Rent-to-own transactions are an expensive way for consumers to acquire merchandise, with periodic payments typically totalling 2 to 3.5 times the price of the same goods at conventional retailers, a research study released by the Consumers Council of Canada finds.
Consumers pay 40 to 100 per cent more through periodic payments at a rent-to-own store than if they were able to purchase the item from that store at the outset. In addition, rent-to-own “buy it today” prices are typically higher than other retailers, from 20 per cent higher for refrigerators to 150 per cent higher for laptop computers, the study found. The study was based on store audits conducted between late November and mid-December 2015 at 63 rent-to-own stores across Canada.
The audits identified a number of practices that risk violation of existing consumer protection laws and others that are allowed, but place high risk on consumers. While provincial consumer protection law (outside Quebec) relies on sections of the Criminal Code of Canada to protect against unreasonably high lending rates, it is unclear these limits protect rent-to-own consumers.
Researchers and auditors entered stores posing as potential customers and recorded the prices, purchase options, service components and sales claims made. Each audit included more than 30 different questions. Rental and purchase prices were compared against prices for identical merchandise at other retailers.
Other findings arising from the research:
- Canadian consumers have few of the protections provided to similar consumers in other countries. Forty-seven U.S. states have laws to specifically address rent-to-own transactions. U.K. regulators are conducting thorough reviews of firms’ practices and fining those that violate existing laws. Australian regulators are reviewing legislation and also fining violators. In Canada, many of the best existing consumer protections are measures by vendors that mirror U.S. requirements.
- It is difficult for in-store consumers to view contract terms and conditions until they are presented for endorsement. As a result, many of the legislated protections – which require disclosure in the agreement – are less effective than they could be.
- Canada’s largest firm claims in-store and on its website to provide “free delivery” when delivery is a component of a separately charged and disclosed fee. Similarly, certain benefits promoted as features available through the purchase of optional services are actually available to all consumers.
- There are many common industry practices which disadvantage consumers. Firms are not required to disclose a “buy it today” price. There is no requirement that weekly and monthly rental prices be equivalent, and vendors have considerable flexibility on lease durations and whether to allow consumers to maintain purchase rights after a late payment.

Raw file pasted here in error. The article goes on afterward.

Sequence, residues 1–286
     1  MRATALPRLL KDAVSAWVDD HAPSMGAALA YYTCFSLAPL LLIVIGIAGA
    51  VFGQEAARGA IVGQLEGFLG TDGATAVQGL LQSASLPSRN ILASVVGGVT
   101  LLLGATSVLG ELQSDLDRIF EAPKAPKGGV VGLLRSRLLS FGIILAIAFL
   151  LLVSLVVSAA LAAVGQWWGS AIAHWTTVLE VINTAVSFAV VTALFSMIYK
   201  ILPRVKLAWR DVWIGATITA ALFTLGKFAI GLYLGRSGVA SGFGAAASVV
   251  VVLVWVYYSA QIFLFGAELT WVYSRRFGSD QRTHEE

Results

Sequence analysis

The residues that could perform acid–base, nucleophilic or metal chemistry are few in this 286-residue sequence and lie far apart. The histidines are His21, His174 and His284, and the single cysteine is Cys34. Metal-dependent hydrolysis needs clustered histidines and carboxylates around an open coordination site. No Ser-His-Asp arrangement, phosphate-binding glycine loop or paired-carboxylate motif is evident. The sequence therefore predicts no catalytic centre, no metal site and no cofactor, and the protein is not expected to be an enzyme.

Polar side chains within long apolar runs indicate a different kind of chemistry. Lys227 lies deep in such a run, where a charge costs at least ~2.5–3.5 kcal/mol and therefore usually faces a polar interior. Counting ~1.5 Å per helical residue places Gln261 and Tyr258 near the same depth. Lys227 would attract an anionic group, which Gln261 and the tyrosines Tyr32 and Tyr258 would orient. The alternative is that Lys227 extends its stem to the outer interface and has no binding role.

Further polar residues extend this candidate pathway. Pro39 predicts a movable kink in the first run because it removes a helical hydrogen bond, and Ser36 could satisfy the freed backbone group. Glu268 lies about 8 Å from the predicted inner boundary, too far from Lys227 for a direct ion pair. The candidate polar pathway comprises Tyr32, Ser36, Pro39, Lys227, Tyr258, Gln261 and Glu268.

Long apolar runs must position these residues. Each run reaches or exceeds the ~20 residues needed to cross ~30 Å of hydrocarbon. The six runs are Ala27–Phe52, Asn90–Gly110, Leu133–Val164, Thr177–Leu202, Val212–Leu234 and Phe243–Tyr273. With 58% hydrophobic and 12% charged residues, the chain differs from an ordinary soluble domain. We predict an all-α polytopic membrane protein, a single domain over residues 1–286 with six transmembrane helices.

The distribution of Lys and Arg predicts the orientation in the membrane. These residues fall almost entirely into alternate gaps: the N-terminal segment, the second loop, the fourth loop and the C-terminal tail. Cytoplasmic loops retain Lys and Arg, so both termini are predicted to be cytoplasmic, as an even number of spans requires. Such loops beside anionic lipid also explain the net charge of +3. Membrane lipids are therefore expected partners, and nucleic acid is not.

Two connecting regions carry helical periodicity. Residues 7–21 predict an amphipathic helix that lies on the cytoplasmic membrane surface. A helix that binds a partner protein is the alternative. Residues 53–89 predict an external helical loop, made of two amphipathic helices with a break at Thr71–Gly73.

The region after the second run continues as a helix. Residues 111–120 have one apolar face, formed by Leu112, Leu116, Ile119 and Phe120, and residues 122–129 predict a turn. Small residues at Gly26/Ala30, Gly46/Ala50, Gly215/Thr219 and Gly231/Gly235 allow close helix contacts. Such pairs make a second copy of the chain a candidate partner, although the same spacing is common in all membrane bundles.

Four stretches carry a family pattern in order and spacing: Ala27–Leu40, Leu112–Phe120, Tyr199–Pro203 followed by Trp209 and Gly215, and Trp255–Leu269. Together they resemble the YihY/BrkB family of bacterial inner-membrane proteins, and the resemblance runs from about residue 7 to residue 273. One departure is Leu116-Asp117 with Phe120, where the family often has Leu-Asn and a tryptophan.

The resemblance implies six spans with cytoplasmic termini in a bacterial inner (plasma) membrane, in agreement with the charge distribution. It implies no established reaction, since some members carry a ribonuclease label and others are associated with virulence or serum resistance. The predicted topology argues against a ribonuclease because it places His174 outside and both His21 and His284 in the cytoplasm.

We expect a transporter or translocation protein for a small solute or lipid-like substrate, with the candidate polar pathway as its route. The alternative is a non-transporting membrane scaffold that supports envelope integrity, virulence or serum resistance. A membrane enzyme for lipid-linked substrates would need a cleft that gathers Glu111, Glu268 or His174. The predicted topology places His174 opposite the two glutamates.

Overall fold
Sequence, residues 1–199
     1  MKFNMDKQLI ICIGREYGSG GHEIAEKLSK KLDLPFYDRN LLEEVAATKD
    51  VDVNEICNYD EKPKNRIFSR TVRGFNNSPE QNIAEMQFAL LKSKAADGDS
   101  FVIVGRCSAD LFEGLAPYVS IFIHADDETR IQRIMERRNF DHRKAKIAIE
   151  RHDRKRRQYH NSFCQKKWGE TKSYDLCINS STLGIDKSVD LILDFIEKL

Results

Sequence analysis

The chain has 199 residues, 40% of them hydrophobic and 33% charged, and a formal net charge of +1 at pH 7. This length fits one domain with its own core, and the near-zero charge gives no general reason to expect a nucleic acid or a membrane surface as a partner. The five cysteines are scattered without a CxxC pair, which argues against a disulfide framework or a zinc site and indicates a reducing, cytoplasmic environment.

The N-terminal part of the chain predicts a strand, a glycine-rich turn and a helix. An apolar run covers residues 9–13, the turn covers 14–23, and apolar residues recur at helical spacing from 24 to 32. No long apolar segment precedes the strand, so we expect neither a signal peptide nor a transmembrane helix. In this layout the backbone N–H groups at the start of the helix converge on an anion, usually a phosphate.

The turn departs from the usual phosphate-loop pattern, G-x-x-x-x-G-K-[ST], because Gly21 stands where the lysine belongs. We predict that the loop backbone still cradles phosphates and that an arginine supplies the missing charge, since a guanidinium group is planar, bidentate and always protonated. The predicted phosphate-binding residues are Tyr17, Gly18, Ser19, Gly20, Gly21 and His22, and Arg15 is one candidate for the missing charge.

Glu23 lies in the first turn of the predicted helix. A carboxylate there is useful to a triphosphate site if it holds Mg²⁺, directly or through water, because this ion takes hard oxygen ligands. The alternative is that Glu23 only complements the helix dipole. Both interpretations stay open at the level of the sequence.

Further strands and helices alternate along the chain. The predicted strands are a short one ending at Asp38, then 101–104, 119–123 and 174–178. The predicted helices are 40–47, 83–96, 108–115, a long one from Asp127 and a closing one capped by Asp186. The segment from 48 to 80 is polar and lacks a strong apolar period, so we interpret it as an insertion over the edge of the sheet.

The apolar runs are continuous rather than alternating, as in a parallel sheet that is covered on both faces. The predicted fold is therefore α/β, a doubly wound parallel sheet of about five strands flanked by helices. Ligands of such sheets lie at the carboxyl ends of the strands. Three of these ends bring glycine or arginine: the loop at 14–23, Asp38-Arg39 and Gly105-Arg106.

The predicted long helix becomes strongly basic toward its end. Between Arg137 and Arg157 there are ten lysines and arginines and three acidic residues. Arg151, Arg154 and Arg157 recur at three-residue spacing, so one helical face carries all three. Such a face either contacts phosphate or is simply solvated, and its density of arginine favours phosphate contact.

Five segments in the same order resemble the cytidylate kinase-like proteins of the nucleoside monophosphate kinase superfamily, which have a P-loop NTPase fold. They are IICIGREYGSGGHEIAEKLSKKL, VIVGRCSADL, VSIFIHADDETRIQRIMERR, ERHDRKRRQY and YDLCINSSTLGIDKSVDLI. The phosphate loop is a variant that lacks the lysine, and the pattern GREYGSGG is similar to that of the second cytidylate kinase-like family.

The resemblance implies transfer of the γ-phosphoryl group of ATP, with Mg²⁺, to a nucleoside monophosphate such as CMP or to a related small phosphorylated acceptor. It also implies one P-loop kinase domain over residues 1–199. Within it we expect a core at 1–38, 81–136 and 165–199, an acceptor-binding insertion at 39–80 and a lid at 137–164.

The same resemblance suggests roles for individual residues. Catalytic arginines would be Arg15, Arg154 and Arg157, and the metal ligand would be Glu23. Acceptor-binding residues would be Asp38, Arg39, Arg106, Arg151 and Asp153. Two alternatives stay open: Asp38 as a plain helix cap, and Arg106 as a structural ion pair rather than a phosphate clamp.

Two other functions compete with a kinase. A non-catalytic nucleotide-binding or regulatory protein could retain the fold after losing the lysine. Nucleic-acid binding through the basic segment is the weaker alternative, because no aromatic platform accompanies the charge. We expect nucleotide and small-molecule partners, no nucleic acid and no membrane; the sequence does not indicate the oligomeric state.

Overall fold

“The rent-to-own industry is designed to serve consumers without savings and access to conventional credit. They are already disadvantaged compared to most consumers,” said Consumers Council of Canada President Don Mercer. “The higher costs of using these merchants can make it more difficult for these consumers to pay down debt, improve their credit rating or accumulate savings. It’s far from clear that consumers are adequately protected through current civil and criminal law and its enforcement.”
Before making a decision, consumers who consider a rent-to-own transaction may benefit from information provided by the Financial Consumer Agency of Canada (FCAC) at: http://www.fcac-acfc.gc.ca/Eng/resources/educationalPrograms/ft-of/Pages/credit-2-6.aspx
Consumers should review any agreement,ask questions and seek qualified independent advice if necessary, so they completely understand contracts they are offered, and the implications for their financial well-being, before agreeing to them. Consumers should also report any questionable practices they may experience to their province’s consumer protection office. For a list of those offices go to: http://www.consumerhandbook.ca/en/contacts/provincial-territorial-offices
The Council’s report includes a number of recommendations to improve consumer protection in the industry.
The Consumers Council of Canada has received funding from Innovation, Science and Economic Development’s (ISED) Contributions Program for Non-profit Consumer and Voluntary Organizations. The views expressed in the Council’s report are not necessarily those of ISED or the Government of Canada.